The London-based Organised Crime and Corruption Reporting Project in another exposé detailed how neighbouring Rwanda employed the software to tap mobile phones of senior Ugandan government officials, including former Foreign Affairs minister Sam Kutesa, an accusation which Rwanda denied. The report alleged that Israeli-made spyware was also used to monitor phone conversations of director-general of External Security.
Ugandans with connections with the Diaspora will recall that not so long ago, all incoming calls from outside of Uganda would come in through local number instead of the known number of the caller. However, if one tried to call back the number, it would not go through and efforts to check for the owner of the number through mobile money would return negative results. We thought it was an error at the inter-switch before the call could be connected to the local number back home in Uganda. Some-times, the number of the caller would be hidden and would appear on the local phone as anonymous or private. Many of us pushed the anomaly under the carpet, after all the most important thing was the clarity of the voice and the message.
It was until recently when a new vice cropped up through one of the oldest telecom companies in Uganda. While making a call, it begins with a strange tone as if the number you are calling is being diverted to an international line and after a few seconds, it goes back to the normal tone that we are accustomed to before ringing. It is as if that initial tone is the actual divert that triggers recording or alerts the system to first checks if your number is one of those that are wanted before allowing the connection, blocking or sending a signal to the silent listener.
What appeared like a network error has now become permanent but as usual, many Ugandans don’t ask why and the vice goes un-noticed. I have personally called that telecom company which claimed their system had been upgraded but without explaining the kind of upgrade that required changes on the receiver’s tone. At first I thought it was only happening to my phone but I have since used other people’s phones and realized it cuts across, it is the same with the other customer. It is now our duty to mind what we say on phone and who we talk to, the walls of all the telephone operators have been dressed up in-ears to listen and disseminate to a silent listener.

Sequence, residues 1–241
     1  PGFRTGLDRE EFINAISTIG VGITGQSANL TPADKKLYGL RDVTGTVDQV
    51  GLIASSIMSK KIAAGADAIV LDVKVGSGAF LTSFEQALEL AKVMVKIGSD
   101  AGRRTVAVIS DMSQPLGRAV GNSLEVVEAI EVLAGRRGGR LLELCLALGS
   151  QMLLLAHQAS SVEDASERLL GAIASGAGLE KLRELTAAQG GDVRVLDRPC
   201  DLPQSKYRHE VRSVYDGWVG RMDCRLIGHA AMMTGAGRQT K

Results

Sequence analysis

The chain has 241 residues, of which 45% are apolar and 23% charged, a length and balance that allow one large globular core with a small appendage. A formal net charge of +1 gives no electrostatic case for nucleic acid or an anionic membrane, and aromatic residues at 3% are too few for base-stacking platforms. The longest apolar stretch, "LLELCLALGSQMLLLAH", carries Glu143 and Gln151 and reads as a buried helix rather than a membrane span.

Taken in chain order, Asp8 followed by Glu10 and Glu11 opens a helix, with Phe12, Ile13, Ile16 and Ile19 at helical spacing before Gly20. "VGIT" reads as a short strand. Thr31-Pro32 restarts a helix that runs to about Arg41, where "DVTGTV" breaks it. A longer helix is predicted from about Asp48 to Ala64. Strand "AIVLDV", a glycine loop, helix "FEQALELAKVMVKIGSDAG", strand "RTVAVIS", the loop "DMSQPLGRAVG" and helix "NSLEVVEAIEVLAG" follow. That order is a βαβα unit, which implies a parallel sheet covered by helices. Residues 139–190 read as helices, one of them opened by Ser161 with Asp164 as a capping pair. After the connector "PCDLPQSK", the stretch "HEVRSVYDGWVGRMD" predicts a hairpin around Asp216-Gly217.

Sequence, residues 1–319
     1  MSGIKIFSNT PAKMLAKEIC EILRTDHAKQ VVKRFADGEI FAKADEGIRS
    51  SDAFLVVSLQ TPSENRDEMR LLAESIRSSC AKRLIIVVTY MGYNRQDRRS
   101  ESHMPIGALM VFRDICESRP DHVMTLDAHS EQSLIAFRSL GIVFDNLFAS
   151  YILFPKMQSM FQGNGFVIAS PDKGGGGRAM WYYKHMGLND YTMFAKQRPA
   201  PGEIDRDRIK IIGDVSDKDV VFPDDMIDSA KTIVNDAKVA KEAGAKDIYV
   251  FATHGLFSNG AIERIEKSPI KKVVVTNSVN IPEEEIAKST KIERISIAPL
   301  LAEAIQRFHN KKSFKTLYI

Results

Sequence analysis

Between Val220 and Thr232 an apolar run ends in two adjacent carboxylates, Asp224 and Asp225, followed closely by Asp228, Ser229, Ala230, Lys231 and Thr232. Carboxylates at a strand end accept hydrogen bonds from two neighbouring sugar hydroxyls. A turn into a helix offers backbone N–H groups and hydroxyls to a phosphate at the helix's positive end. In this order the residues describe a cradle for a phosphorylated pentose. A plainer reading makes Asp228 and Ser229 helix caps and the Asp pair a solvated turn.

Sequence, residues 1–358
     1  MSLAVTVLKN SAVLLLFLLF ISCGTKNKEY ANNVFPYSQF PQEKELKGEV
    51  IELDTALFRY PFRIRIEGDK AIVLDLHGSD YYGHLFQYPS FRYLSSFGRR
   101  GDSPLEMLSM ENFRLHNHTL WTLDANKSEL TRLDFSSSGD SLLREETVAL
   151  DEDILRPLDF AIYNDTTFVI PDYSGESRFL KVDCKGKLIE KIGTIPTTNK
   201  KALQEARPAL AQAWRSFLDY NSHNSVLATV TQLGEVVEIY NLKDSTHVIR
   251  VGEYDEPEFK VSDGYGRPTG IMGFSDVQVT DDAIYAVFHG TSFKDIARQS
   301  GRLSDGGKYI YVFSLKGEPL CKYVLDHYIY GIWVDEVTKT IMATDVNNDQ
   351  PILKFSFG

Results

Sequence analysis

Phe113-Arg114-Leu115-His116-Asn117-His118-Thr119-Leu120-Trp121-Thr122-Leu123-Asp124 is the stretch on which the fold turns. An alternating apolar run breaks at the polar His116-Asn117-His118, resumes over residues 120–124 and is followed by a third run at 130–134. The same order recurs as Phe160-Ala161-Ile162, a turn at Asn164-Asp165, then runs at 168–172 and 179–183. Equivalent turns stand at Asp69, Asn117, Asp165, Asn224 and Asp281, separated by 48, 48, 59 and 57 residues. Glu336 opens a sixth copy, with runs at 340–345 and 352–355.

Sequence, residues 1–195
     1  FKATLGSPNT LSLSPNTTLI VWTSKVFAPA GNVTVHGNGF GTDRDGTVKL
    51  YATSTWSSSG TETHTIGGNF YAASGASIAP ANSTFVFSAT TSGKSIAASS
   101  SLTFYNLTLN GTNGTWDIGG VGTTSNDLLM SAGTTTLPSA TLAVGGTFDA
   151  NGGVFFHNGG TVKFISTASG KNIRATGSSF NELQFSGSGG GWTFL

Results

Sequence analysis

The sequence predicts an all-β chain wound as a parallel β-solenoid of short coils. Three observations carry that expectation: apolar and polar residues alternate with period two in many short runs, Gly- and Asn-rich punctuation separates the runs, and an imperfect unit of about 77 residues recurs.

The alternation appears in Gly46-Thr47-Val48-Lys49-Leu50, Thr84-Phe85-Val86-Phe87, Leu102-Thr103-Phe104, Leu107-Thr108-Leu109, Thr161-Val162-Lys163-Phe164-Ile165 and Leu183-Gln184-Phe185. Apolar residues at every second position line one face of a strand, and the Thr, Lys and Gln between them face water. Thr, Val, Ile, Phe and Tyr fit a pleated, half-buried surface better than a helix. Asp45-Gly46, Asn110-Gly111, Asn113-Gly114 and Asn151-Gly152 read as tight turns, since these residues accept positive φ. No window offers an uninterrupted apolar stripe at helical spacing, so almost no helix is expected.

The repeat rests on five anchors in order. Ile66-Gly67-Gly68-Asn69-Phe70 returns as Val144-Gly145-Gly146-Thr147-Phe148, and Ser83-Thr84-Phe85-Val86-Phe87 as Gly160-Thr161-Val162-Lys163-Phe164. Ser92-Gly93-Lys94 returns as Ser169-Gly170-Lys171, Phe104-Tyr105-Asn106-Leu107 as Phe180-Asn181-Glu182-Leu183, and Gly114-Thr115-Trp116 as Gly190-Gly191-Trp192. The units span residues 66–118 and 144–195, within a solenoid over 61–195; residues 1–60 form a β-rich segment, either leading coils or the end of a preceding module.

You cannot blame the telecom company as they are under obligations to operate under the whims of the licensing authority short of which their licenses can revoked. The law mandates telecom companies to install hardware and software facilities and devices to enable interception of communications and capable of rendering 24-hour monitoring facilities. The phone numbers of the targeted people can be fed into the machine with the help of telecom companies for easy detection. Security and intelligence operatives are then able tell the exact location of the caller or receiver. The recordings can then be retrieved from the equipment and presented to court as admissible evidence for prosecution of the suspects.
We need to recall that in 2010, President Yoweri Museveni signed into law the Regulation of Interception of Communications into law, giving powers to security officials to listen into private communication if they have sufficient reason to suspect the communication is in aid of criminal activity. Before signing the bill into law, a section of foresighted and right-thinking members of Parliament opposed the idea of giving powers to the Minister of security to issue warrants under the Regulation but instead to a judge to avoid abuse and conflict of interest. The Parliamentarians were defeated; it is the complainant now who signs the warrants for interception.
The controversial law which attracted criticism from media and human rights defenders was passed by Parliament on July 14 and assented to by the President, just three days after the twin terrorist bombing at Kyadondo and Ethiopian Village. Soon after operationalising the law, the government of Uganda through the 2014/15 Budget paper allocated billions of tax payer’s money to purchase a sophisticated phone-tapping machine. It was revealed the gadget had the capacity to record all phone conversations involving a local network and the capacity to bust email accounts of suspects who are under surveillance or who are suspected to have or are about to commit a crime.
Now that the machine was bought and delivered, what do you expect it to do, tap into your conversations whether you or the person you are communicating with is wanted or not, what is important is that even mere suspicion that you may be dealing with is a “wrong elements” is enough to have your number(s) placed on the switch for daily monitoring. No wonder high-ranking Government officials always avoid discussing confidential deals on phone, why because they know what happens behind curtains.
The writer, Mr. Rogers Wadada Musaalo is a Lawyer, human rights activist, researcher, and politician